The factors that may influence the decision to return to postsecondary studies after drop-out also need systematic evaluation and confirmation. Although it may seem logical that resolution of financial difficulties [8],[9] or amelioration of emotional distress [16],[17] may increase the likelihood of return, published data are lacking. As well, the role played by extraneous factors, such as the availability of specific retention support services on campus, has been little examined. More research in this area would be valuable to supplement the literature and to inform retention plans.

The potentially positive consequences of cultural differences may also be worth exploring. For example, while acculturative difficulties often have an adverse impact on immigrant youth functioning, [38],[40] paradoxically, it may shield them from high-risk behaviors. [93],[94] The use of illicit substances to cope with psychological distress or stress is a common practice among students, [20],[21] but new immigrant youth are far less likely to engage in such behavior than local youth, [95],[96] or youth with immigrant parents or grandparents, [93],[94] even though newcomer youth may experience higher psychological distress than these other groups. [93] There are no published comparisons of substance use practices between local and international students. However, the shared attributes and cultural norms of many immigrant and international student groups have led to the speculation that exploitation of such "protective" cultural differences may have a role in intervention strategies for these groups.

Recently, there has been increasing interest in wellness education initiatives to improve mental health and resilience among students, and thus improve retention. School-directed interventions, frequently based on cognitive-behavior therapy (CBT) approaches and often delivered online, have been found to enhance mental health, help-seeking, coping skills and resistance to negative coping behaviors, such as substance abuse, among youth. [97],[98] These usually have a duration of 4-8 weeks, [97],[98] but relatively brief 1-day CBT psychoeducation workshops have been reported to be similarly effective and particularly attractive to those who delay help-seeking due to stigma, such as those with lower incomes or from ethnic communities. [99],[100] Such considerations would be very pertinent for promoting wellness both among postsecondary students in general, who tend to prefer short and/or web-based initiatives, [97] and especially among immigrant and international students, for whom stigma may be a major obstacle to help-seeking. [35],[59]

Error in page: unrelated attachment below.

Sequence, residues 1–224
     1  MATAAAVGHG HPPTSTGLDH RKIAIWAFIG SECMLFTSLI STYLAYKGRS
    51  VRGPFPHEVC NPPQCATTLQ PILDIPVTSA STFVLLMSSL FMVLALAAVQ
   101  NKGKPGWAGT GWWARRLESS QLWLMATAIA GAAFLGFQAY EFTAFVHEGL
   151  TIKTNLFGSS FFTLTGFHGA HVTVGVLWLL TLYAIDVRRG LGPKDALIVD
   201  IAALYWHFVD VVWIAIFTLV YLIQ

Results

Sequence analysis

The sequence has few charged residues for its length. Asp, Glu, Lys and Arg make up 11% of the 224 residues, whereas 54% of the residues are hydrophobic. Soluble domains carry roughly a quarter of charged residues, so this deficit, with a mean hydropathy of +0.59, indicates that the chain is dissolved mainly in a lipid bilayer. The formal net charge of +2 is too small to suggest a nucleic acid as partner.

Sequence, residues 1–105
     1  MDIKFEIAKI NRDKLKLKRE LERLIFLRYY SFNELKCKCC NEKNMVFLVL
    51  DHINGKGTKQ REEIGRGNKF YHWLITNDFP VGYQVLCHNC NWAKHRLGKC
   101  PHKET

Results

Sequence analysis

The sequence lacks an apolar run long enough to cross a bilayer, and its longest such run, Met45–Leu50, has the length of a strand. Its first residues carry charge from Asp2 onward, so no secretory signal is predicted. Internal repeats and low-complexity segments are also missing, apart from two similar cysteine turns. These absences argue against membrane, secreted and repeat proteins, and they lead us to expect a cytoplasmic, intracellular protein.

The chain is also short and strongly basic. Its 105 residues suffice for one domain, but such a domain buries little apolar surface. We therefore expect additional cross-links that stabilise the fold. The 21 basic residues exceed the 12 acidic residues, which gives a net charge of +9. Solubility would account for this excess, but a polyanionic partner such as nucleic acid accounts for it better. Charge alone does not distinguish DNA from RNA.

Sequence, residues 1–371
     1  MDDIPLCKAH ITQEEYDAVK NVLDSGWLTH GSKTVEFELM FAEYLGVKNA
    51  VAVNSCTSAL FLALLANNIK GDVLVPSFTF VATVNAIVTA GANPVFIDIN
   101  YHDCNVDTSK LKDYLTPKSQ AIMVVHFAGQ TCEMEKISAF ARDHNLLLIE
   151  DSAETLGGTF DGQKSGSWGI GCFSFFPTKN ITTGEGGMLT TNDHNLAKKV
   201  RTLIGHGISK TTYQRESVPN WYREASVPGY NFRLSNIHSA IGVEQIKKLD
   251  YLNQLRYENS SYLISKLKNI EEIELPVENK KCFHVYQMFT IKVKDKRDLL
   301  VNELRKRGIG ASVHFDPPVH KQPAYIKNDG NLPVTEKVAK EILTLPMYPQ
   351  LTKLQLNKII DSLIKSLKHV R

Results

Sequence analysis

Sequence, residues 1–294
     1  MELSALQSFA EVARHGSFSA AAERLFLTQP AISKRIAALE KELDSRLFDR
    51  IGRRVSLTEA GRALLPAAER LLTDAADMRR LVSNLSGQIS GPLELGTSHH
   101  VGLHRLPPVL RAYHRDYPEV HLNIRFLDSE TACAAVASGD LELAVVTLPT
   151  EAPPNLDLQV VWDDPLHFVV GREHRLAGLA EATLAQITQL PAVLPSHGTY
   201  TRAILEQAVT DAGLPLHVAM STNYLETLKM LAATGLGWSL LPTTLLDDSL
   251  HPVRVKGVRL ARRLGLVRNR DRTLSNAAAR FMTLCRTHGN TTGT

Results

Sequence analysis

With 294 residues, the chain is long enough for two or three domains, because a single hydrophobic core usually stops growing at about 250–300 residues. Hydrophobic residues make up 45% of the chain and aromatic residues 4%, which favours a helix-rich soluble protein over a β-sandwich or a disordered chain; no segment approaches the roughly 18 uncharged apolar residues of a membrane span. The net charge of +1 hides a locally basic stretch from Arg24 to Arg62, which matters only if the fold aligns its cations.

In summary, while a range of factors influences postsecondary academic performance and drop-out among all students to varying degrees, psychosocial factors, particularly psychological distress and poor coping skills, appear to have the most adverse impact. Immigrant and international students face many additional challenges that often exacerbate the stress they experience, and thereby affect their academic outcomes. In general, the published literature on this important topic is rather sparse and Western hemisphere centric, with few subgroup comparisons. Systematic evaluations using well-designed investigations are needed to examine individual and interactive influences on the academic functioning of local, immigrant and international students in both developed and developing countries. The resulting data would help to develop appropriate and effective preventive and intervention strategies to reduce postsecondary academic failure and improve student retention globally.

Financial support and sponsorship

Nil.

Conflicts of interest

There are no conflicts of interest.